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Singer knows country roads take him home

By Chen Nan| China Daily| Updated: October 9, 2023


Singer-songwriter Zhang Zhi performs during an online event, along with Jin Mei, who plays the yangqin (a hammered dulcimer), and Mongolian ethnic musician Gawa, who plays the morin khuur (the horse-head fiddle).

The town he loves so well still inspires, as does the majesty of Xinjiang's landscapes, Chen Nan reports.

Yiqikelike in Kuqa in the Xinjiang Uygur autonomous region was once a thriving oil town. Meaning "a place where gazelles appear" in Uygur, and hidden deep in the Tianshan Mountains, Yiqikelike was once home to thousands of people who labored night and day to extract the treasure buried beneath its streets.

Zhang Zhi was born and raised in the oil town, where his parents worked. He can still recall vividly that it was covered in snow in the winter, and, as a child, he spent his days sledding with his elder brother and the other neighborhood children.

"I spent my childhood there. I think it is the most beautiful place in the world, and I still think so," the 50-year-old says.

He grew up being exposed to the cultures of the many ethnic groups that live in the area, absorbing their music and learning to play their instruments.

His dream was to become an artist and, while he did learn to paint as a child, he later became a singer-songwriter, dedicated to writing folk songs incorporating the musical elements of Xinjiang. In 2010, he joined the band Voyagers as lead vocalist and songwriter.

During a recent online event, Zhang shared stories about life in Yiqikelike and how it inspired him to create his music, which has been enthusiastically welcomed by fans.


Jin Mei plays the yangqin (a hammered dulcimer)

Along with two other band members, Jin Mei, who plays the yangqin (a hammered dulcimer), and Mongolian ethnic musician Gawa, who plays the morin khuur (the horse-head fiddle), Zhang performed one of his most famous songs, Yiqikelike, which he wrote in honor of his hometown.

He says that he wrote it after he took a dombra (a two-stringed plucked instrument) to play in a valley on the outskirts of Xinjiang's Karamay city.

As the notes from his dombra mingled with the sound of the wind, he was inspired to write the song, which is about his parents, who moved from Sichuan province to work in the oilfields.

"When they came here, they were young. When they left, they were gray-haired. The song is also dedicated to all those others, just like my parents, who worked and lived there," he says.


Mongolian ethnic musician Gawa plays the morin khuur (the horse-head fiddle).

It appeared on Zhang's debut album, Small Town Nileke, which was released in 2011. Featuring eight songs of his songs, it incorporates musical elements from Xinjiang's ethnic groups. The album won numerous awards, giving Zhang and the band the opportunity to perform at outdoor music festivals around the country, among them major events, such as the Midi Music Festival and the Strawberry Music Festival.

Music critics praised the songs as "a map of the folk music of Xinjiang" and fans were intrigued by the far-off lands depicted in them.

"I read lots of comments that touched me deeply. Many people have never heard of Yiqikelike and I am happy to tell stories about the place, and people who once lived there," Zhang says. "I was also amazed when others told me that they had also grown up there and that their parents had spent their entire lives there.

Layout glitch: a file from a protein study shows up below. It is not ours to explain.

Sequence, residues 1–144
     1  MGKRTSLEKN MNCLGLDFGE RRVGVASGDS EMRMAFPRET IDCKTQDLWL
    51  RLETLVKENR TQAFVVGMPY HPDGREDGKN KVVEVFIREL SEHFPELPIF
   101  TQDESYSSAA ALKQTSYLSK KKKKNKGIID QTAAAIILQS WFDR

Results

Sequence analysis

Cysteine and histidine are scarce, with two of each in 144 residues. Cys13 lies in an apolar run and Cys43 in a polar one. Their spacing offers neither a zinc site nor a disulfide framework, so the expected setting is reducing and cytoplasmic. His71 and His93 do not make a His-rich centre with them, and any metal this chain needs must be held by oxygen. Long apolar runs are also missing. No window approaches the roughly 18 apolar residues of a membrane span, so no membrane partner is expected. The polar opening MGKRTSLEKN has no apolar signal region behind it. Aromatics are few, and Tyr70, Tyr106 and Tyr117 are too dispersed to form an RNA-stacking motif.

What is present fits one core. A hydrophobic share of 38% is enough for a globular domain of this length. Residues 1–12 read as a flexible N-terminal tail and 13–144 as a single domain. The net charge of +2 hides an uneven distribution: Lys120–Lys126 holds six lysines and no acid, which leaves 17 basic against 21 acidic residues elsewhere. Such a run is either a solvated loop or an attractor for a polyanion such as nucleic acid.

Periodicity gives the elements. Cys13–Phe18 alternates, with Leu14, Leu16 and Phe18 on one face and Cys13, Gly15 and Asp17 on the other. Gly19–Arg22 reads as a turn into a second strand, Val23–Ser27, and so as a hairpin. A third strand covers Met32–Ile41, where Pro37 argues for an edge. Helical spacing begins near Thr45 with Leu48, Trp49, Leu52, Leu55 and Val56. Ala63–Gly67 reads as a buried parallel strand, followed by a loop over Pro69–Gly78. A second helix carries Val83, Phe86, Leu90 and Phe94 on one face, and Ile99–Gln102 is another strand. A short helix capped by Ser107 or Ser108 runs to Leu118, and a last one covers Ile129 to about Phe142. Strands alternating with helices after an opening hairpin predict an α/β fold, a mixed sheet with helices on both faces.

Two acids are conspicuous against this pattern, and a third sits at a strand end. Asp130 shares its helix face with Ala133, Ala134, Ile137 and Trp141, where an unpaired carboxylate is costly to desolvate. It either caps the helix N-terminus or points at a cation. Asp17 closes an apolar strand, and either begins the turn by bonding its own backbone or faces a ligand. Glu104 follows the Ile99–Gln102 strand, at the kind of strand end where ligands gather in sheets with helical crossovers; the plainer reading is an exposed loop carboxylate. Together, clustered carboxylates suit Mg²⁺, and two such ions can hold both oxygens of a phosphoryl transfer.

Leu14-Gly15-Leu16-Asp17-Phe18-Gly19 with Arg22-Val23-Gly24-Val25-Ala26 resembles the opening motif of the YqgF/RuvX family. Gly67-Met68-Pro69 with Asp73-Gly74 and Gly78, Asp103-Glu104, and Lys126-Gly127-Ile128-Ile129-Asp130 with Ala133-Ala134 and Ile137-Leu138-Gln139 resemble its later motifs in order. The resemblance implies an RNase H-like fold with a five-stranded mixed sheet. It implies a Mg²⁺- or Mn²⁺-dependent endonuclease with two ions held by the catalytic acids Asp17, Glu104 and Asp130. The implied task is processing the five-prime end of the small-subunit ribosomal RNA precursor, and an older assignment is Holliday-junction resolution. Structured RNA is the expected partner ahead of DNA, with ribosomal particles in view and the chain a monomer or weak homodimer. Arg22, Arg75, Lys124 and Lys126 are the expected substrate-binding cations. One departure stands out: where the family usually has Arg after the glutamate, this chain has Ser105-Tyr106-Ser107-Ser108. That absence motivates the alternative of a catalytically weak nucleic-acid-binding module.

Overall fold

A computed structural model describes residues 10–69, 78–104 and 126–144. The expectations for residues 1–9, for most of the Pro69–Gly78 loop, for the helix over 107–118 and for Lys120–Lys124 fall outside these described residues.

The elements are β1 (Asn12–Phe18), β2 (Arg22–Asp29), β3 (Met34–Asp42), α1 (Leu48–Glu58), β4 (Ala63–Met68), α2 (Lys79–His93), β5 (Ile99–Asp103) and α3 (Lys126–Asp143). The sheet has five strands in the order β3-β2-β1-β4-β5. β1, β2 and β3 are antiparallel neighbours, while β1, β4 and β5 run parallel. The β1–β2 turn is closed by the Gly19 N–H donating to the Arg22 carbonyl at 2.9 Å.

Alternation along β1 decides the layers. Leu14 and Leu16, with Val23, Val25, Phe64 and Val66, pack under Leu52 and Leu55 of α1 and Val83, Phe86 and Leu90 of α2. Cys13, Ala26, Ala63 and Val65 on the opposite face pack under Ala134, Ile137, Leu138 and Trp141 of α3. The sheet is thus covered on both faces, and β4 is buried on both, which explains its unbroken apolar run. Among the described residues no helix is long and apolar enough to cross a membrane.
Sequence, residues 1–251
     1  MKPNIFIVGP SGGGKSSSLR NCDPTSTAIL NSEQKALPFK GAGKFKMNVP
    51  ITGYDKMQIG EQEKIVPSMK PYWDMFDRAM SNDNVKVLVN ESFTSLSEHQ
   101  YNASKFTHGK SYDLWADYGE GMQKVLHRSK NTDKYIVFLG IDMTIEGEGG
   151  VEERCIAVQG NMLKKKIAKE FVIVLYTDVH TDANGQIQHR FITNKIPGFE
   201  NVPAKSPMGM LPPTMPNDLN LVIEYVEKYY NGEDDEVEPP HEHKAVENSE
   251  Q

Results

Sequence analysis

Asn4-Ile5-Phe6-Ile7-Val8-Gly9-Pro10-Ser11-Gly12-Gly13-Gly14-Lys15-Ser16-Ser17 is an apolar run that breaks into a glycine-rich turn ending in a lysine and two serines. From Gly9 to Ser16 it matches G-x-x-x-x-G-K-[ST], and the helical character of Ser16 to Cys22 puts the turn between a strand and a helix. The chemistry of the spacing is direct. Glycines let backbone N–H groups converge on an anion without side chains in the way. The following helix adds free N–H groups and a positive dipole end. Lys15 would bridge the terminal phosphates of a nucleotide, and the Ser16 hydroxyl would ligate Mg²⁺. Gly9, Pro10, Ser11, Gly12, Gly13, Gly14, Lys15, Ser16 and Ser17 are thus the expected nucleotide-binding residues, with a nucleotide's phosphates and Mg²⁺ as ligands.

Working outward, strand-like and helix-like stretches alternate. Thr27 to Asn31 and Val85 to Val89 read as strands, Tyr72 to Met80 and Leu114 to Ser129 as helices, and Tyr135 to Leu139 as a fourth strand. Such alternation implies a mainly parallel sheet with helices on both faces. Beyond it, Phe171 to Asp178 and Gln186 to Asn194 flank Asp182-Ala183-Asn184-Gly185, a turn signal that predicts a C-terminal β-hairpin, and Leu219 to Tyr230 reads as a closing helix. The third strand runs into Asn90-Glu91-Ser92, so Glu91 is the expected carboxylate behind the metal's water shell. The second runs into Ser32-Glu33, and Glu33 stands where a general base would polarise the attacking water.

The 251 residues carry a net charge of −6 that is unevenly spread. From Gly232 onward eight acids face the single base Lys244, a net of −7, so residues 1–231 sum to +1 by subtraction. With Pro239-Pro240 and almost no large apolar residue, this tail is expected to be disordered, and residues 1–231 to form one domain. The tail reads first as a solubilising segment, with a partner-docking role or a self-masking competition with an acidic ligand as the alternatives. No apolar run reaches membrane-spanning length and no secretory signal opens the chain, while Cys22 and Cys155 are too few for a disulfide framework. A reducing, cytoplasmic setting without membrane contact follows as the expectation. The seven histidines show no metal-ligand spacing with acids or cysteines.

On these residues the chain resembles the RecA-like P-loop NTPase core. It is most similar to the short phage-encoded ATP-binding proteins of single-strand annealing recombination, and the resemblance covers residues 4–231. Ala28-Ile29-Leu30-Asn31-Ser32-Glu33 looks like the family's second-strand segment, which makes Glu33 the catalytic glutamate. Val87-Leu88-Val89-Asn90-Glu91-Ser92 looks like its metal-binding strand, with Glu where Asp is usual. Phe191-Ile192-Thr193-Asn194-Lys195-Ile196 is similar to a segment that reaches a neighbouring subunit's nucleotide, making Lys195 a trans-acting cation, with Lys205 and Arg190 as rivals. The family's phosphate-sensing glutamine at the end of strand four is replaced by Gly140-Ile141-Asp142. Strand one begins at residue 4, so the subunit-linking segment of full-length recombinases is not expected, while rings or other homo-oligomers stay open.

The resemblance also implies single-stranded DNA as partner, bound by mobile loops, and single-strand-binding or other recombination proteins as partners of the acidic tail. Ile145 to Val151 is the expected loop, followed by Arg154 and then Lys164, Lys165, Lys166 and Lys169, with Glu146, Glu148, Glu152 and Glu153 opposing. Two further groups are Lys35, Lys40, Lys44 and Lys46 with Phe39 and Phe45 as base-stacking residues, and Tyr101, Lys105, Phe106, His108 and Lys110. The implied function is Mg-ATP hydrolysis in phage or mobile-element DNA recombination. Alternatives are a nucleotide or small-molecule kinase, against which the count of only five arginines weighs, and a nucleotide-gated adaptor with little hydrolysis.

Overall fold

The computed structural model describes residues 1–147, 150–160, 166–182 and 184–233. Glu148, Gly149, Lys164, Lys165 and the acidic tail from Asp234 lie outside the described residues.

"I taught myself to play guitar when I was a teenager. I also learned to play folk instruments like the dombra from people I met in Xinjiang, who introduced me to the colorful sounds of Xinjiang's folk music," he adds.

In 2013, he released his second album, Bakhtu Port. In the winter of 2008, as Zhang was traveling to Karamay from Tacheng, where Bakhtu port is located, the scenery outside the window inspired an improvised melody. "It suddenly took me back to the boundless wilderness and snowy scenes of Bakhtu port," he says. He recorded the melody and later wrote the song, which features the guitar, the accordion and the mandolin.

Another song on Bakhtu Port, Horseman, was written after a trip to see a friend in Alashankou. They visited the house of an old Kazak man in his 70s, who played his dombra all night and told them his story of falling in love, when he was young, with a woman, who left for a far-off land after marrying another man. In his memories, the girl had black eyes and always sang softly.


The group travels around the Xinjiang Uygur autonomous region to collect folk music material.

"I enjoy listening to people's stories; they inspire me to write songs. The old man impressed me deeply. I wrote his love story into the song with my dombra and guitar," says Zhang, adding that his debut album was a love letter to his parents and his hometown, and the second was a diary of trips to different parts of Xinjiang, through time and space.

His third album, Sand and Dust, was released in 2019, and was inspired by a sudden sandstorm in the Taklimakan Desert.

Now living in Lijiang, Yunnan province, Zhang returns to Xinjiang to visit relatives as well as to collect examples of folk music. His life in Lijiang is simple. He gets up early in the morning and rehearses with the band members most of the day, and also composes songs.

The band's core members include bassist Wu Junde and drummer Wen Feng, but they work with a variety of other musicians, to inject a diversity of musical elements into their songs.

Zhang is now at work on his fourth album, Lost River, which is about a week he spent on a ranch in Kuqa, Xinjiang, about eight years ago.

"I met a number of different people there, including the owner of a small store and a handsome miner. The seven days I spent on the ranch felt like a dream," he says.


Zhang Zhi (left) and his band members rehearse outdoors in Lijiang, Yunnan province.